Wine Talk: Young Turks

Interested in reading more about Israeli and kosher wines? Here are a few writers you should follow.

By
May 17, 2012 16:15
4 minute read.
David Rhodes

David Rhodes. (photo credit: Courtesy)

With the death last year of Daniel Rogov, once the food and wine writer for The Jerusalem Post, I am constantly asked where it is possible to find information about Israeli wine. There are a number of young Turks who, while not yet able to fill the shoes of Rogov, are each providing a valuable service to the English speaker. There are three musketeers. One hails from New York, another from California, and a third from Israel. Putting myself in the shoes of critic, let me, for once, critique the critics!



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Yossie Horwitz is a Manhattan lawyer who grew up in Israel, living here for 20 years. He is fluent in Hebrew and is able to keep up to date with what is happening here. He is dedicated. He invests in his time to give the most informed viewpoint he can, even to the extent of flying over for one day only for Israwinexpo. He also came over for the Sommelier Exhibition. He has great understanding, works hard to have all the facts in his grasp and is basically always positive. He does not cover wines he does not like. He writes in a very knowledgeable, informed but concise style. He knows how to pick out what the reader is looking for. Those with any interest in Israeli wine should sign up to his newsletter. I read it religiously each week. His website is www.yossiescorkboard.com




David Raccah is the representative from California. He is a passionate food and wine lover, who just loves to communicate exactly what he is thinking. His tasting notes are very long and very adjectival, but he writes as he sees it. If you want passion and enthusiasm through the written word, this may be the one for you. About a year ago, I pleaded with him to write more about Israeli wine. Fortunately for us all, he seems to have decided to write more on Israel and has written some penetrating, colorful essays on some Israeli wineries. His website is www.kosherwinemusings.com.

Both Horwitz and Raccah write only about kosher wines. David Rhodes, based in Ra’anana, writes only about Israeli wines, whether kosher or not. He is extremely wine knowledgeable.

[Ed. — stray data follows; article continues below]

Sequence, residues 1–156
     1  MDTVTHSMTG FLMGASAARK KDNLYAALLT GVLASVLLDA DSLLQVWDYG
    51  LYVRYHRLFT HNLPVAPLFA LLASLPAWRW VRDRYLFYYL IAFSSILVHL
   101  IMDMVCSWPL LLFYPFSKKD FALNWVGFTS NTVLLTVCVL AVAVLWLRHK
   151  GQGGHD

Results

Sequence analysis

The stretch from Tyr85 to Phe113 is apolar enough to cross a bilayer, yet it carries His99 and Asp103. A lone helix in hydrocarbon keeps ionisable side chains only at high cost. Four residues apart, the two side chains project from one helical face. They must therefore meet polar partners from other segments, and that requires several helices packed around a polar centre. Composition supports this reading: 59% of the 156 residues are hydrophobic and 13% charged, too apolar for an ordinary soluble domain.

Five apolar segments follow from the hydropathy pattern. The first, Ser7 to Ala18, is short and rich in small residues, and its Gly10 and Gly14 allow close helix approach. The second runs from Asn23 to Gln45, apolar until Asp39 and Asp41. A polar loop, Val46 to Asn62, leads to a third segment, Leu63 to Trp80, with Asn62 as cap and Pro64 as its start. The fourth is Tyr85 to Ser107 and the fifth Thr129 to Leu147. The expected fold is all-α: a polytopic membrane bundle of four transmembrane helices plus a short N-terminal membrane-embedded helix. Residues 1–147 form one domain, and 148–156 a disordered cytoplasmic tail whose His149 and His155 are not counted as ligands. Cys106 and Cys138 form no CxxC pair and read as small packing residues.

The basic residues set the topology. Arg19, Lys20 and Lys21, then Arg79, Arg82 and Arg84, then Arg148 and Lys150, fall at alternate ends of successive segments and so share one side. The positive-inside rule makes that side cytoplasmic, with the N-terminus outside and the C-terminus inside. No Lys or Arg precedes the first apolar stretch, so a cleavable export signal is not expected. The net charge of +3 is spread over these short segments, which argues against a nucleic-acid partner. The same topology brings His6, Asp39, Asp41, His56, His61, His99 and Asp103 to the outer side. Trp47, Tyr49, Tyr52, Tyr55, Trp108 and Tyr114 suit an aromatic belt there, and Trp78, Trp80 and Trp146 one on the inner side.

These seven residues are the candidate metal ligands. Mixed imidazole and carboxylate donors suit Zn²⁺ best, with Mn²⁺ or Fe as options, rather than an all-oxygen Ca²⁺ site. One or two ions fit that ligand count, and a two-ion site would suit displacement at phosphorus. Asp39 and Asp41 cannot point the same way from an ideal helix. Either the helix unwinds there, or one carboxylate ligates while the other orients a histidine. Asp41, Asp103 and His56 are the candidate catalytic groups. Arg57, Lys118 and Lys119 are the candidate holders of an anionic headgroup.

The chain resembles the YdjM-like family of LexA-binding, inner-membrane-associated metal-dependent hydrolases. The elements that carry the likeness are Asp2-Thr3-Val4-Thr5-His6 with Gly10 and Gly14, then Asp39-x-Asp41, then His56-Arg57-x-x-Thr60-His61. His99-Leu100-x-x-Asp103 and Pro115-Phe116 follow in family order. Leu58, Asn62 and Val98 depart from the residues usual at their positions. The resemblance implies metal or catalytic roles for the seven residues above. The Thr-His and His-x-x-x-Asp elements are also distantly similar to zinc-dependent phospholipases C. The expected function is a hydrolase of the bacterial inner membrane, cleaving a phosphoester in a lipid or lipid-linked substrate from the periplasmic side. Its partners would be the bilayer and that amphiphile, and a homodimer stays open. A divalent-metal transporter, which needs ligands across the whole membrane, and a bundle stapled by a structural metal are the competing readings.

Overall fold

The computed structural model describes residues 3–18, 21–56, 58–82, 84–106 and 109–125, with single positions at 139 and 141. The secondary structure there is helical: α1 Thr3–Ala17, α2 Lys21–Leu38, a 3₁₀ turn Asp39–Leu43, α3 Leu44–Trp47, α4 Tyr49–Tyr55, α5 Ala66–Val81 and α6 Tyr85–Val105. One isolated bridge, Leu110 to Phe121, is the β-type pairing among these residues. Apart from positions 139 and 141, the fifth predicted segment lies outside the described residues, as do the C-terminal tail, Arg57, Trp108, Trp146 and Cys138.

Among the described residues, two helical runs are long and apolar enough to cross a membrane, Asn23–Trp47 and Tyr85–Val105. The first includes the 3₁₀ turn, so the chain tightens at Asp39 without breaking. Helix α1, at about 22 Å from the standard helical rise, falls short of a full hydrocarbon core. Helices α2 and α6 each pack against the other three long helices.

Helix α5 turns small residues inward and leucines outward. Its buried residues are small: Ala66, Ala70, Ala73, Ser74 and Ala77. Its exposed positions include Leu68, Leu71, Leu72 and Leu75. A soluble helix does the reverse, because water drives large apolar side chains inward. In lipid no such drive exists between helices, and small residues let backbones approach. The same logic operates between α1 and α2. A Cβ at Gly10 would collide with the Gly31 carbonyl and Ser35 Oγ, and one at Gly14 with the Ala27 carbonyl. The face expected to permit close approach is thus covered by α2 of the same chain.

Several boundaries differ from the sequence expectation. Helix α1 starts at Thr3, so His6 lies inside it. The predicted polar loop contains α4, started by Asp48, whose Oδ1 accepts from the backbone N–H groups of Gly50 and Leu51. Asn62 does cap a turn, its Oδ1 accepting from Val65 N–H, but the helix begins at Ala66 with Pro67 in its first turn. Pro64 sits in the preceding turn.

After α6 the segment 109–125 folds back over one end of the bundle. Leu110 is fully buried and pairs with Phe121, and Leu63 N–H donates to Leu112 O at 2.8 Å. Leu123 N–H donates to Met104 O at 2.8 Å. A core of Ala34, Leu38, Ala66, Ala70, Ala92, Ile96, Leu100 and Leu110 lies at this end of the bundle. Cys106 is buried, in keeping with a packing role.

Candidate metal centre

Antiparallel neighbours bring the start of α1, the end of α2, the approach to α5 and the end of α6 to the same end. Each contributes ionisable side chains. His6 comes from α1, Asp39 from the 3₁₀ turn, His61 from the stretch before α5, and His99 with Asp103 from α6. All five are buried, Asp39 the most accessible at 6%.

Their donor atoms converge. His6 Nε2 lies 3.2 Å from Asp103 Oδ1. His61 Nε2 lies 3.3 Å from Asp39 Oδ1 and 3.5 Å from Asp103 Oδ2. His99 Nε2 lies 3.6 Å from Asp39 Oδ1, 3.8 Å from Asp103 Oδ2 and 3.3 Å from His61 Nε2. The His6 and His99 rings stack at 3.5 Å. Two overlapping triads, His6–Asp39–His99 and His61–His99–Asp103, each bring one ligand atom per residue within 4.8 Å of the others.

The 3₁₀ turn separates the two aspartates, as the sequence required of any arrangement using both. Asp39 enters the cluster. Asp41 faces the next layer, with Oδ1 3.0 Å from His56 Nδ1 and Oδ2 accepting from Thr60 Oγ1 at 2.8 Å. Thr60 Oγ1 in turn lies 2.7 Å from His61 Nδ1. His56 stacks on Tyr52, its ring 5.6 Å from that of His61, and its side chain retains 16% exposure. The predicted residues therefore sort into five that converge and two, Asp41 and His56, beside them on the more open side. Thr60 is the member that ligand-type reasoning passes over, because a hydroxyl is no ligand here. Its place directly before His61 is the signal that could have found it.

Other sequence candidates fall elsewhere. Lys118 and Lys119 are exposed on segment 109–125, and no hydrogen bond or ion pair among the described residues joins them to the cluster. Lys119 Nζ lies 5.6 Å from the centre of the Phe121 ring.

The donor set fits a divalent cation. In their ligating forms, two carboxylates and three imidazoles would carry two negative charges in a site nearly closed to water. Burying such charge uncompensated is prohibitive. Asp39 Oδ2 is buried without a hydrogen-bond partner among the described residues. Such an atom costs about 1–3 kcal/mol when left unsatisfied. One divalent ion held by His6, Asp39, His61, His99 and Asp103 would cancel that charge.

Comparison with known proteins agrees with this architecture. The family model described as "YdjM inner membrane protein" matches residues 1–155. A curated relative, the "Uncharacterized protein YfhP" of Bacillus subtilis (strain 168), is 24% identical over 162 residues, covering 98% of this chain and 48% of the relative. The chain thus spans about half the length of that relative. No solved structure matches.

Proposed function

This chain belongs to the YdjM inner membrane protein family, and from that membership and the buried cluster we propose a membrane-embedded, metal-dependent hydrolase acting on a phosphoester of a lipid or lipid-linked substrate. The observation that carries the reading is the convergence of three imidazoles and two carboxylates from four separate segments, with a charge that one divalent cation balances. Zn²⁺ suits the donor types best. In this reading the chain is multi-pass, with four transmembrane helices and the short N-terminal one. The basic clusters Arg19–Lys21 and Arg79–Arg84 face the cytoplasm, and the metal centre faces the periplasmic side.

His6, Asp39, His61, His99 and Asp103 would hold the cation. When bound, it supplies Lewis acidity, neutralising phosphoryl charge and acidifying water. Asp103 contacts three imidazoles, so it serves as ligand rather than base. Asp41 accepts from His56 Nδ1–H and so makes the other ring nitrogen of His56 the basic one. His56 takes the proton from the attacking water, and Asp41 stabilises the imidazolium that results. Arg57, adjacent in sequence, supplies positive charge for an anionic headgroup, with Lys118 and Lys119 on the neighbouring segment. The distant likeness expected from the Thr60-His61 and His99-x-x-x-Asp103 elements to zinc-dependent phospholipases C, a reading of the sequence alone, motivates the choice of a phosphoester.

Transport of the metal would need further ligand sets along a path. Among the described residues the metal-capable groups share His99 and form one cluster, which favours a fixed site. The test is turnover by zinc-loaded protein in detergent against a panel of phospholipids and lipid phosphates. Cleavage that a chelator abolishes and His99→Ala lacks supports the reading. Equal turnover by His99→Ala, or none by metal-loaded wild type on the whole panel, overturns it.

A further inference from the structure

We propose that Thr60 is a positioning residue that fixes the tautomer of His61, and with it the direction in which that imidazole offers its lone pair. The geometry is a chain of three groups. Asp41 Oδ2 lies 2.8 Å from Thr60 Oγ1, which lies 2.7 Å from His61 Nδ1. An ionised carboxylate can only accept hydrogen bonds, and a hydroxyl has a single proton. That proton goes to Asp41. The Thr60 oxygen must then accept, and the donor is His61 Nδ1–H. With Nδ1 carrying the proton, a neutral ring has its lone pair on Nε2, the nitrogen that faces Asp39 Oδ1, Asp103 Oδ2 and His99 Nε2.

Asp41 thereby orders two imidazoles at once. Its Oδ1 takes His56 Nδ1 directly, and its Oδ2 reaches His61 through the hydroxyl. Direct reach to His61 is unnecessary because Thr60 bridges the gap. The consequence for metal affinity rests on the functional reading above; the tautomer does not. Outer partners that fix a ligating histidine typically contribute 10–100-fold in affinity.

He studied wine in San Diego, worked as a sommelier and was also VP of a boutique winery. He then organized and managed a wine club there. Since making aliya, he has written articles for ESRA magazine, various wine websites and magazines, and is at home as a broadcaster in front of microphone or camera. He is also involved in the wine trade as a small-scale trader, going back to his roots advising restaurants and wine retailers. I see him more as a wine educator than a critic. He provides a great service to English- speaking Israelis. For expert advice, courses, lectures, wine dinners, wine tours, all in English, he may be contacted at israeliwineguy@gmail.com.



Another writer I look out for is Gamliel Kronemer, who writes a column called “Fruit of the Vine” in New York’s Jewish Week. The column appears once a month, and I wish it was more frequent. He writes in a pithy, scholarly manner, with an understated dry humor. He is modest but extremely knowledgeable. His articles on kosher and Israeli wine may be found at www.thejewishweek.com/features/fruit_vine.



As for websites focusing on Israeli wine, there are two worth adding to your favorites. The more established one was created by Israel Preker, who is an electronic engineer by day. By night, he finds time to work on his websites, which he first created in 1999. They are devoted to providing information on Israel’s wine people, wines, wineries and vineyards. His English website is at www.wines-israel.com

It contains many details about the Israeli wine scene, some good articles and regular news items to keep the reader up to date. His website in Hebrew, www.wines-israel.co.il, is even more comprehensive. Preker has been one of the main communicators of the Israel wine story for the last 13 years, and he continues to do so with undiluted passion. Long may he continue. Israeli wine lovers are all in his debt.

Another patriot who makes an effort to showcase the best in Israeli wine is Avi Hein. His website, www.israeli-wine.org, is his personal effort to advance the Israel wine brand, which he does with great dedication. This also features interesting articles on Israeli wine.

There are books about Israeli wine. The Ultimate Rogov Guide by Daniel Rogov remains the best guide on Israeli wines. It will remain relevant because many of Rogov’s scores were based on advanced barrel tastings. It was published by Toby Press and costs NIS 129. A book on wineries and the Israeli wine story is The Wine Route of Israel. It is available at Steimatzky, winery shops and visitors centers and in the duty-free bookshop at Ben-Gurion Airport. It costs NIS 149 and is published by Cordinata, Tel Aviv. cordi995@bezeqint.net

A new book is The Kosher Grapevine by Irving Langer published by Gefen Publishing House, www.gefenpublishing.com. This is a light-hearted, unpretentious explanation of the world of kosher wine. It fills a gap in the kosher wine lover’s bookshelf and costs NIS 130.

The three books barely overlap. Students of wine, connoisseurs and anyone wanting to know more about kosher wine or Israeli wine will want to have all three.

Adam Montefiore works for Carmel Winery and regularly writes about wine for Israeli and international publications.

adam@carmelwines.co.il


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